Reflection April 23rd, 2023
Acts 2:14a, 36-42/ Psalm 116/ Luke 24:13-35
Community of Breaking Bread
While reading today’s scriptures, I imagined what it would have been like at the Last Supper, teacher and disciples sharing a Passover meal. I have dated a Jewish person, so I have been to a Passover meal. It was 3 hours long and we had to drink 5 glasses of wine. I don’t drink that much, so I switched to grape juice in the middle. There was a lot of storytelling and conversation. I haven’t witnessed or experienced this level of connection at a meal table even before the invention of smart phones.
But we don’t have to experience a Jewish Sabbath dinner or Passover meal to understand that meal table is where we share fellowship and love. Meal table is so much more than just food. Sitting at a meal table together means we accept each other. Could you sit at the table with someone you don’t like or can’t stand? Can you imagine the indigestion that could hit you? We love food, and sharing food has the power to develop connection and friendship. Today’s keyword is bread and we read two biblical stories in which sharing food created miracles, but not the supernatural kind.
Walking to Emmaus
We start with the story in Luke’s Gospel because, chronologically, it comes before the events in the Acts of the Apostles. Jesus died. His disciples were grieving and traumatized. We met two disciples who didn’t hear that Jesus came back to life. For an unknown reason, they were traveling to a place called Emmaus. To process the shock and grief, they talked things over, when a stranger meets them and walks with them. They must have had a meaningful conversation, because when they reached their destination, they invited the stranger in to stay with them.
Of course, this stranger was Jesus but the disciples did not recognize him. Jesus blessed the bread and they shared a meal. Then, their eyes were open and they knew who their guest was. They might have said to each other, “Wait, don’t you think that man feels like… our teacher?” They recalled how their hearts were burning as the strange companion on the road was explaining scripture to them. But by then, he was mysteriously gone.
Let us note that these two disciples did two things to make their eyes open. First, they took the trouble to invite the stranger in for hospitality. Second, they broke bread together. This story teaches us that what gives us true sight is our willingness for hospitality and sharing meals together. These two things are what Jesus taught all through his ministry. We are taught to open our hearts and doors and meal table to others.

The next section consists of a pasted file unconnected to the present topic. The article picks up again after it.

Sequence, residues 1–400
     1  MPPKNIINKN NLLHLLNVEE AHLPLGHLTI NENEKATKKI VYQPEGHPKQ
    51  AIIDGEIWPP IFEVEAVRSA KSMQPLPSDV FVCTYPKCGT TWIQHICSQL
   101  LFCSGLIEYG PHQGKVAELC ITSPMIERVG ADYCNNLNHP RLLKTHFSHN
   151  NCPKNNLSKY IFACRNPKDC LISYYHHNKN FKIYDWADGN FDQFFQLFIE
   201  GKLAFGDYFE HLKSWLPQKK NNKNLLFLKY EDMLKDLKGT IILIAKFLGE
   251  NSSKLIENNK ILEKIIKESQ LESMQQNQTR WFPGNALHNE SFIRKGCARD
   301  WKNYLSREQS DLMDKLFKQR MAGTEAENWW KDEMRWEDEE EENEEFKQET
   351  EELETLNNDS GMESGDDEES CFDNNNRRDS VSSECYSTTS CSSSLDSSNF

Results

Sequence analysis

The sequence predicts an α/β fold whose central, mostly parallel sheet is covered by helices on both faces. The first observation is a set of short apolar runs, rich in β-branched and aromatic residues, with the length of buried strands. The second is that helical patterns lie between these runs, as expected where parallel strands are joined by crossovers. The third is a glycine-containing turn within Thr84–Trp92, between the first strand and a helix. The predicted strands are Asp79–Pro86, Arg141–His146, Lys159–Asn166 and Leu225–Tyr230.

Forming the Early Church Community
We heard during today’s story time what the disciples did after the resurrection, and even after the ascension of Jesus. And spoiler alert, Pentecost happens at the beginning of Acts chapter 2. What we read today was after receiving the Holy Spirit and after Peter bravely preaches to the stunned crowd. His sermon moved people’s hearts and they asked, “What should we do?” Upon Peter’s recommendation, they repented and were baptized.
According to Acts chapter 2, three thousand people were baptized and joined the community of the disciples. This was the birth of the Christian Church. But among all this miraculous event, let us focus on verse 42 that is not included in today’s designated scripture reading list but I added. I added this verse because it is the most important part of the story.
What did they do after joining the community? “They devoted themselves to the apostles’ teaching and fellowship, to the breaking of bread and the prayers.” It says in the last part of chapter 2 that they lived together and shared everything. This is another story about what happens to those who break bread together. Breaking bread together was crucial to the life of the first church community. With the spirit of breaking bread, they lived a life sharing everything and focusing on being the disciples of Jesus. That is why the symbolic meal of the Holy Communion is essential to the Christian life even today.
Community of Breaking Bread Together
By sharing bread together, through our Holy Communion, we are reminded that we are one with Christ and with each other. As we are invited to share a symbolic meal at the communion table, we are also taught to welcome each other in our lives and share our lives, both our joys and troubles. Through sharing bread together, we are taught about God’s steadfast and faithful love for us and are invited to share that love with one another. We are the community of Christ’s disciples and family. We are a community of breaking bread and sharing lives. That is why we give thanks to God and sing, “How can I repay you, God, for all the goodness you show to me?”
How can we repay God for all the goodness we received? We aspire to love one another with the same love, that’s how. As we learn about the first Church community being formed, let us remember where we come from, spiritually. Let us remember that we are a community, a spiritual family. We share one loaf to remind ourselves that we are one body of Christ. And as members of the one body of Christ, we must commit to what I call “the kingdom lifestyle,” a lifestyle of living out the compassionate love based on justice. Let us consider all God’s people as our siblings. Let us help those who are in need, comfort those who are sad, and help the marginalized know that they are loved and valued. As we give thanks to God for all the love and blessing we have received, let us share our blessing with all God’s creation with our acts of love.